Lu EdwardsR&D Trainee Consultant
R&D tax credits can be paid in several ways depending on your business and its tax position; they are credited variously as: direct cash rebates, loss-reliefs, cash-credits, and combination reliefs.
R&D tax credits pay out the equivalent of up to 33p for every £1 you spend on qualifying R&D within loss-making small businesses. Profitable companies can expect to claim back 25% of their R&D costs. This expenditure covers staff salaries, pensions and National Insurance contributions (NICs); the use of freelancers or subcontractors; the cost of consumables and materials as part of the R&D process; and outlay on essential software.
What’s more: businesses may claim R&D tax relief for up to two years beyond the end of the financial year their R&D work relates to. There are several ways that R&D tax credit may be paid to those who use the R&D tax credit incentives; each is explained below.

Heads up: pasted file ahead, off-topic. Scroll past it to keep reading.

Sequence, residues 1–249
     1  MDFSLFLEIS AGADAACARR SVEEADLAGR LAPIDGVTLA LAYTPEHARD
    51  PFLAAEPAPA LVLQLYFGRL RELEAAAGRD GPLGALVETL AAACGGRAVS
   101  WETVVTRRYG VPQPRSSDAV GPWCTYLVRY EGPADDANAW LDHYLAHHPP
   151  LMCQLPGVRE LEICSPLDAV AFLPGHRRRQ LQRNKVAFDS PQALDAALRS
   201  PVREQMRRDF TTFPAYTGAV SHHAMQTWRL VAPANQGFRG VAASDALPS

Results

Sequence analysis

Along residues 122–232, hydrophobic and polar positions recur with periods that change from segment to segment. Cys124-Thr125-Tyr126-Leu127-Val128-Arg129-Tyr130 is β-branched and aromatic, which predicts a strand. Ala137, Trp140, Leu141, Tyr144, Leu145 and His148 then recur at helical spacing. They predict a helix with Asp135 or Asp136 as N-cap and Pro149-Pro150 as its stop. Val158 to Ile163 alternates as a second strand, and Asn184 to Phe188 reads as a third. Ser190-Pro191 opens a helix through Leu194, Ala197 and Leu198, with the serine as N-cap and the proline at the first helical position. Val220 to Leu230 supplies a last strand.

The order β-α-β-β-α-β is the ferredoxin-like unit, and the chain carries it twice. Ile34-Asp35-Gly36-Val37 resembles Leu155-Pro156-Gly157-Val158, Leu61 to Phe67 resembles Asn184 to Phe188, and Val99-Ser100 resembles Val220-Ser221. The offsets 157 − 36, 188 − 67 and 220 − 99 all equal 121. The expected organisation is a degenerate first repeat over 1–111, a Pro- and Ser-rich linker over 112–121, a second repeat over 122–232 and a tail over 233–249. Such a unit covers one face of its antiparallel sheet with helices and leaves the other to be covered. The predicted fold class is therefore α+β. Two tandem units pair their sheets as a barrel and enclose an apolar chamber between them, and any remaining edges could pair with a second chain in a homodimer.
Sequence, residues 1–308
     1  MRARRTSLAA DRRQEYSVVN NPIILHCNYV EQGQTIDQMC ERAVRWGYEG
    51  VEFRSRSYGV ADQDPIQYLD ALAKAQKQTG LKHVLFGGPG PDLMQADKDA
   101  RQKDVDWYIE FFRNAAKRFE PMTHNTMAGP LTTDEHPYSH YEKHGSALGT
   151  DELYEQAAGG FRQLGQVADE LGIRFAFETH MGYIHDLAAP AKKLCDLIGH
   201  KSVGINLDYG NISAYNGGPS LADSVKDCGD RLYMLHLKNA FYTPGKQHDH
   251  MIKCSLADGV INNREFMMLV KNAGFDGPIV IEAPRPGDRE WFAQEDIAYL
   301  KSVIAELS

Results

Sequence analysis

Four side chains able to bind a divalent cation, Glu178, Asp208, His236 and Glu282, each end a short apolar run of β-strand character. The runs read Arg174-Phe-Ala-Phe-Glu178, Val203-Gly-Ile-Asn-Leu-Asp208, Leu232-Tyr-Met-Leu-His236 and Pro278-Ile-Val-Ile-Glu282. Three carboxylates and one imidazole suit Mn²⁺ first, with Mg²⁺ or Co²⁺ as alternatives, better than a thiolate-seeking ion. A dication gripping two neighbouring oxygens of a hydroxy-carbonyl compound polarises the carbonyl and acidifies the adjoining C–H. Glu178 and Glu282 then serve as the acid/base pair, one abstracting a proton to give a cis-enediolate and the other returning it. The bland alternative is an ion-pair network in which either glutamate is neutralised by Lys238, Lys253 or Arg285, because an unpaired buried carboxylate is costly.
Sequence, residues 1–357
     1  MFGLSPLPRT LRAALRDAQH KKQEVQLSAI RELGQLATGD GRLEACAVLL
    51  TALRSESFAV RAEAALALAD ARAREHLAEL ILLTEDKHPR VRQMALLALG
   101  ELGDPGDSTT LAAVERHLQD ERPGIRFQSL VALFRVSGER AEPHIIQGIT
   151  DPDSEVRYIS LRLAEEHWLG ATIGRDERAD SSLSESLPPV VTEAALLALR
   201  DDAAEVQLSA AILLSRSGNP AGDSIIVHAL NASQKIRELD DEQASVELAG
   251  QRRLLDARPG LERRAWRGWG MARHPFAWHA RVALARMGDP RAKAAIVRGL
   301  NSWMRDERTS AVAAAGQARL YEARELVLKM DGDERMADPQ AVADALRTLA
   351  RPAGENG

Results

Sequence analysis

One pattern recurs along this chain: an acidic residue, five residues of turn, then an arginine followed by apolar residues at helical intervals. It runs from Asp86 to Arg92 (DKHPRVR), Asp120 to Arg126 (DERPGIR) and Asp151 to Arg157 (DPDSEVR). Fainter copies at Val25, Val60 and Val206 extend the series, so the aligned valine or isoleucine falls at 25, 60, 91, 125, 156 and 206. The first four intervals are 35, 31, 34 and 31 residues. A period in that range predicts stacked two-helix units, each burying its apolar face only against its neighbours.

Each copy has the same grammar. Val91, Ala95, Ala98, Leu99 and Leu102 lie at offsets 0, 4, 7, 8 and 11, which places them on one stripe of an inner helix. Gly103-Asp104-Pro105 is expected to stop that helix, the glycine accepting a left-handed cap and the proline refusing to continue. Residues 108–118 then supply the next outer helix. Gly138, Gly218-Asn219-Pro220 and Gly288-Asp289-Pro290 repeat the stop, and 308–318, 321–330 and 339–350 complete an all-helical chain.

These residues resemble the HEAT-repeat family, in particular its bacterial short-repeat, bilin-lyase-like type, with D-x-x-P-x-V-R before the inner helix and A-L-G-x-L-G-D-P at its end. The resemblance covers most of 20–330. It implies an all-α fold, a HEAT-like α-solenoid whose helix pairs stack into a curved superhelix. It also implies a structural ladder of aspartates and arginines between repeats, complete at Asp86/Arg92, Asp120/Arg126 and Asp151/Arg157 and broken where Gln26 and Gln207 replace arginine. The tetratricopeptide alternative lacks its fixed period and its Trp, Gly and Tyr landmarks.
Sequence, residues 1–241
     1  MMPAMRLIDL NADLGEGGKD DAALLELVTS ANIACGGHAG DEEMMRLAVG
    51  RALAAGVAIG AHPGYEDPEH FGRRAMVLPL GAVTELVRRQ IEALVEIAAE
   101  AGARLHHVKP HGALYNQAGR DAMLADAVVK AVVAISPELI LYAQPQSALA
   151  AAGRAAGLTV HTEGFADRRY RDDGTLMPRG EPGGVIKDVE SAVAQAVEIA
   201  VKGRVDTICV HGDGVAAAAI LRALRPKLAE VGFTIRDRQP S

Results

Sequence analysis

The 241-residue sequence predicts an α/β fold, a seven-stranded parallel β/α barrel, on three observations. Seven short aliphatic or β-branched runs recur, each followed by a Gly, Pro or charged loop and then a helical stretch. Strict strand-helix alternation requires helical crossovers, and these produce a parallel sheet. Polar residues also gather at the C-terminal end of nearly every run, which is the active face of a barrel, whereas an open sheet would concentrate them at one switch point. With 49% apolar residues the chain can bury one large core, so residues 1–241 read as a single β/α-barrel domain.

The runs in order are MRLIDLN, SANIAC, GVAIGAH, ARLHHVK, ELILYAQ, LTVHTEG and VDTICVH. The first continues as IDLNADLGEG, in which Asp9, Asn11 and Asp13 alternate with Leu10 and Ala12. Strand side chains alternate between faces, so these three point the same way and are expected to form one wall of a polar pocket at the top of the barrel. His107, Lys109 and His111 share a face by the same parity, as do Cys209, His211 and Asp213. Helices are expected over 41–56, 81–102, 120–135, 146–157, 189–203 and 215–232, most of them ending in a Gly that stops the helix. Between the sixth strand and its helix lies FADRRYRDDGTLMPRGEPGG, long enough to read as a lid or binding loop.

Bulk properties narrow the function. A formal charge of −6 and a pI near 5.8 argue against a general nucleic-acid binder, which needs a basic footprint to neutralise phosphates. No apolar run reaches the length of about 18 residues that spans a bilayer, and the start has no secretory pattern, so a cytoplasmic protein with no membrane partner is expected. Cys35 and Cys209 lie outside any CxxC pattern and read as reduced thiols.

Direct cash rebates
If you are claiming for R&D tax relief for a financial year in which you have already paid your Corporation Tax, your company tax return form for the corresponding year can be amended and HMRC will issue your business with a cash rebate.
If your business is loss-making following an R&D tax credit claim, it is possible to carry back the enhanced R&D losses to the previous financial year. You can also carry the loss forward to be offset against potential profits in the next financial year. It can also be surrendered as group relief.
If you choose to make an R&D tax credit claim for the same year as your latest Corporation Tax return (and your business is profitable), you can choose to use your relief to reduce your Corporation Tax bill.
For loss-making companies, it’s also possible to claim a cash credit from HMRC. This can only be transferred if you are prepared to surrender the enhanced losses of your R&D. This option is particularly beneficial for those who need help with cash-flow.
In the event taxable profits become loss-making as a consequence of R&D credit claims, it’s possible to use your relief in multiple ways. For example, you can somewhat reduce your company’s Corporation Tax, whilst carrying forward or back some of your R&D losses to offset as profits.